Acid-Fast Stain- Principle, Procedure, Interpretation and Examples

It is the differential staining techniques which was first developed by Ziehl and later on modified by Neelsen. So this method is also called Ziehl-Neelsen staining techniques. Neelsen in 1883 used Ziehl’s carbol-fuchsin and heat then decolorized with an acid alcohol, and counter stained with methylene blue. Thus Ziehl-Neelsen staining techniques was developed.

The main aim of this staining is to differentiate bacteria into acid fast group and non-acid fast groups.

This method is used for those microorganisms which are not staining by simple or Gram staining method, particularly the member of genus Mycobacterium, are resistant and can only be visualized by acid-fast staining.

Principle of Acid-Fast Stain

When the smear is stained with carbol fuchsin, it solubilizes the lipoidal material present in the Mycobacterial cell wall but by the application of heat, carbol fuchsin further penetrates through lipoidal wall and enters into cytoplasm. Then after all cell appears red. Then the smear is decolorized with decolorizing agent (3% HCL in 95% alcohol) but the acid fast cells are resistant due to the presence of large amount of lipoidal material in their cell wall which prevents the penetration of decolorizing solution. The non-acid fast organism lack the lipoidal material in their cell wall due to which they are easily decolorized, leaving the cells colorless. Then the smear is stained with counterstain, methylene blue. Only decolorized cells absorb the counter stain and take its color and appears blue while acid-fast cells retain the red color.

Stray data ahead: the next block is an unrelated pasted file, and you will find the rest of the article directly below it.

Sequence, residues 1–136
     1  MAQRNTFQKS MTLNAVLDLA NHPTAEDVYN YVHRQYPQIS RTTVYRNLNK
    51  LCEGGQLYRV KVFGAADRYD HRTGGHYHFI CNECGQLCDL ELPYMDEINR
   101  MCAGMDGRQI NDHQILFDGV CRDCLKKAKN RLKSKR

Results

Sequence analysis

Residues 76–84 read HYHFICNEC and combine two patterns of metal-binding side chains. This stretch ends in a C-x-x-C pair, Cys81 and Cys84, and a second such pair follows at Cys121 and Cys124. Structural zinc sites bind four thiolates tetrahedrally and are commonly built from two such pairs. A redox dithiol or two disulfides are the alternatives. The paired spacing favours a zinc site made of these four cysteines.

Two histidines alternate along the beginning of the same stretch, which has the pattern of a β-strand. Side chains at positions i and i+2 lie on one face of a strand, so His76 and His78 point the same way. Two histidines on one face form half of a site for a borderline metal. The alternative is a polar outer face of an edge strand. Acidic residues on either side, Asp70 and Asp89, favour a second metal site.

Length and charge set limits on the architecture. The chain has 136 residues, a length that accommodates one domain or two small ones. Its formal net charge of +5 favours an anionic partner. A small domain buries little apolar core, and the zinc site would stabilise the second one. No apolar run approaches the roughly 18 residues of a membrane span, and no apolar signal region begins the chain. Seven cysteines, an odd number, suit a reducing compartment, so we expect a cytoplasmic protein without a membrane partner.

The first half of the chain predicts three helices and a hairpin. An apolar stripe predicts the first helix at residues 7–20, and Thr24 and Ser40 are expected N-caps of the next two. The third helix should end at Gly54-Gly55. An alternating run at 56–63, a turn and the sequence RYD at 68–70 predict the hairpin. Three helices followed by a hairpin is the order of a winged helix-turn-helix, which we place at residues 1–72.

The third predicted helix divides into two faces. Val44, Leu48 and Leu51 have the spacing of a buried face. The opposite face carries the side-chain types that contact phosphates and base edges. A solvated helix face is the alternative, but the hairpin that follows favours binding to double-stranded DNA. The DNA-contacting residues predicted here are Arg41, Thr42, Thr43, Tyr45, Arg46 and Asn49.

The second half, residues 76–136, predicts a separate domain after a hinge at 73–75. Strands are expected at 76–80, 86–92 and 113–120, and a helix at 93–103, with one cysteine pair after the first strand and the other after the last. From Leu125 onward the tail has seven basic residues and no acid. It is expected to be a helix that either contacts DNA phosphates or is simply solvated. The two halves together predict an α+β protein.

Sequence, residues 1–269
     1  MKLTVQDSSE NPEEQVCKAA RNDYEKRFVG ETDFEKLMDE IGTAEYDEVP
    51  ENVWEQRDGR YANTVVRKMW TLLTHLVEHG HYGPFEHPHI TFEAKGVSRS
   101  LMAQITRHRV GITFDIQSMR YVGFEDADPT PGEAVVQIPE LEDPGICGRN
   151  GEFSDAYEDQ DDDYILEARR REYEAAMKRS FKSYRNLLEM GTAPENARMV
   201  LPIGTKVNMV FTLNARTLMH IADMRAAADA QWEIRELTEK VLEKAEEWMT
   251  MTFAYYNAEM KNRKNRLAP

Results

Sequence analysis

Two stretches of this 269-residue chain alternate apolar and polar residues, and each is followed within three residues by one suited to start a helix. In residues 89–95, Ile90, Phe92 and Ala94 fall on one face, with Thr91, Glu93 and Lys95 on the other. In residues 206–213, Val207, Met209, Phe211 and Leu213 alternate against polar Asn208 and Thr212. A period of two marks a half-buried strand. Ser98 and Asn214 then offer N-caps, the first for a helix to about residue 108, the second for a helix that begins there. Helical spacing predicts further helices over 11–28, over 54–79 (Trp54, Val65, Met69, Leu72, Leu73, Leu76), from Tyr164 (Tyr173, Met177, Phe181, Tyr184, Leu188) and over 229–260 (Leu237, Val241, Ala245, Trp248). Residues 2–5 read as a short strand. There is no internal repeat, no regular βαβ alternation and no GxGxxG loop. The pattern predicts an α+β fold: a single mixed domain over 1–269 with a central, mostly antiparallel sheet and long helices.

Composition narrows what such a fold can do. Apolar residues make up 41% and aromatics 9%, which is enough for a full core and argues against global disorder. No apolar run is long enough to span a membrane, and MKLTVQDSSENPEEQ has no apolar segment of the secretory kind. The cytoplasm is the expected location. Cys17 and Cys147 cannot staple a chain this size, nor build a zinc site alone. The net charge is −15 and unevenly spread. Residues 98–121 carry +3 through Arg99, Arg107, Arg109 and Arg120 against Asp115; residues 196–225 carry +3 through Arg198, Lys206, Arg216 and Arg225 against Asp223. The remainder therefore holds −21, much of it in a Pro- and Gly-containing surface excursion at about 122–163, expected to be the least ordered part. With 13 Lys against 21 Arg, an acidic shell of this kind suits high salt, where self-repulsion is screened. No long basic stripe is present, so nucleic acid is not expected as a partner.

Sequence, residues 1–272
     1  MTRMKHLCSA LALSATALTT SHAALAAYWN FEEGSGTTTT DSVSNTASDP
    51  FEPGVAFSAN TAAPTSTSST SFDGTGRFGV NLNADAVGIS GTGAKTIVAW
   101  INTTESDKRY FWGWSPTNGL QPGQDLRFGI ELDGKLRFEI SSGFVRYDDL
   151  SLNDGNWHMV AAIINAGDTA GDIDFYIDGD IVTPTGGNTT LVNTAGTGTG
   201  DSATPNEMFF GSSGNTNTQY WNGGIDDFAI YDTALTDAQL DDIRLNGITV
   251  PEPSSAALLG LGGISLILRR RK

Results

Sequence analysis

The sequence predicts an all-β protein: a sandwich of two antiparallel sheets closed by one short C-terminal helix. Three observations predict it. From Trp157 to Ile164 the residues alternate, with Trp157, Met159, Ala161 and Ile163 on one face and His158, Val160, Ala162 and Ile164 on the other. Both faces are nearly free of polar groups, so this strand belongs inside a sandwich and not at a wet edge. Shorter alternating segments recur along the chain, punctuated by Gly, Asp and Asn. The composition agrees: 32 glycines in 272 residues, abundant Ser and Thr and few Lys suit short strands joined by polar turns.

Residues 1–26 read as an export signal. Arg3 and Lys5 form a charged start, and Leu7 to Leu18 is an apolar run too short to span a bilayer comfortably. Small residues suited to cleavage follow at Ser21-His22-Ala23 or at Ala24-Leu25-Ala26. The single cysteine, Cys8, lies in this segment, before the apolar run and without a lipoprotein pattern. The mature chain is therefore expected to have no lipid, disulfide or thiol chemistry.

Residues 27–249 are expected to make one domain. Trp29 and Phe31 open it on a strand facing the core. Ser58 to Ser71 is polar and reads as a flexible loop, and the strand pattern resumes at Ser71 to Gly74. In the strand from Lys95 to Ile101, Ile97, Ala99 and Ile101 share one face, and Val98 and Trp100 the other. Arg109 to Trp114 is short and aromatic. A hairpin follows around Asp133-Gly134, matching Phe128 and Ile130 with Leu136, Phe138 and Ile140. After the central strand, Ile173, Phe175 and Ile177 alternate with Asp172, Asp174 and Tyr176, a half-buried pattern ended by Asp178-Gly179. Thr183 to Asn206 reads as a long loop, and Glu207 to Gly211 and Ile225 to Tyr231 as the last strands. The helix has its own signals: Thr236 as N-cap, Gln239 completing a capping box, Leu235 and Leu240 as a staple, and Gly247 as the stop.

Summary of Acid-Fast Stain

Application of Reagent Cell colour
Acid fast Non-acid fast
Primary dye Carbol fuchsin Red Red
Decolorizer Acid alcohol Red Colorless
Counter stain Methylene blue Red Blue

Procedure of Acid-Fast Stain

  1. Prepare bacterial smear on clean and grease free slide, using sterile technique.
  2. Allow smear to air dry and then heat fix.
    Alcohol-fixation: This is recommended when the smear has not been prepared from sodium hypochlorite (bleach) treated sputum and will not be stained immediately. M. tuberculosis is killed by bleach and during the staining process. Heat-fixation of untreated sputum will not kill M. tuberculosis whereas alcohol-fixation is bactericidal.
  3. Cover the smear with carbol fuchsin stain.
  4. Heat the stain until vapour just begins to rise (i.e. about 60 C). Do not overheat. Allow the heated stain to remain on the slide for 5 minutes.
    Heating the stain: Great care must be taken when heating the carbol fuchsin especially if staining is carried out over a tray or other container in which highly fiammable chemicals have collected from previous staining. Only a small fiame should be applied under the slides using an ignited swab previously dampened with a few drops of acid alcohol or 70% v/v ethanol or methanol. Do not use a large ethanol soaked swab because this is a fire risk.
  5. Wash off the stain with clean water.
    Note: When the tap water is not clean, wash the smear with filtered water or clean boiled rainwater.
  6. Cover the smear with 3% v/v acid alcohol for 5 minutes or until the smear is sufficiently decolorized, i.e. pale pink.
    Caution: Acid alcohol is fiammable, therefore use it with care well away from an open fiame.
  7. Wash well with clean water.
  8. Cover the smear with malachite green stain for 1–2 minutes, using the longer time when the smear is thin.
  9. Wash off the stain with clean water.
  10. Wipe the back of the slide clean, and place it in a draining rack for the smear to air-dry (do not blot dry).
  11. Examine the smear microscopically, using the 100 X oil immersion objective.

Interpretation of Acid-Fast Stain

Interpretation of Acid-Fast Stain

Acid fast: Bright red to intensive purple (B), Red, straight or slightly
curved rods, occurring singly or in small groups, may appear beaded

Non-acid fast: Blue color (A)

Examples of Acid-Fast Stain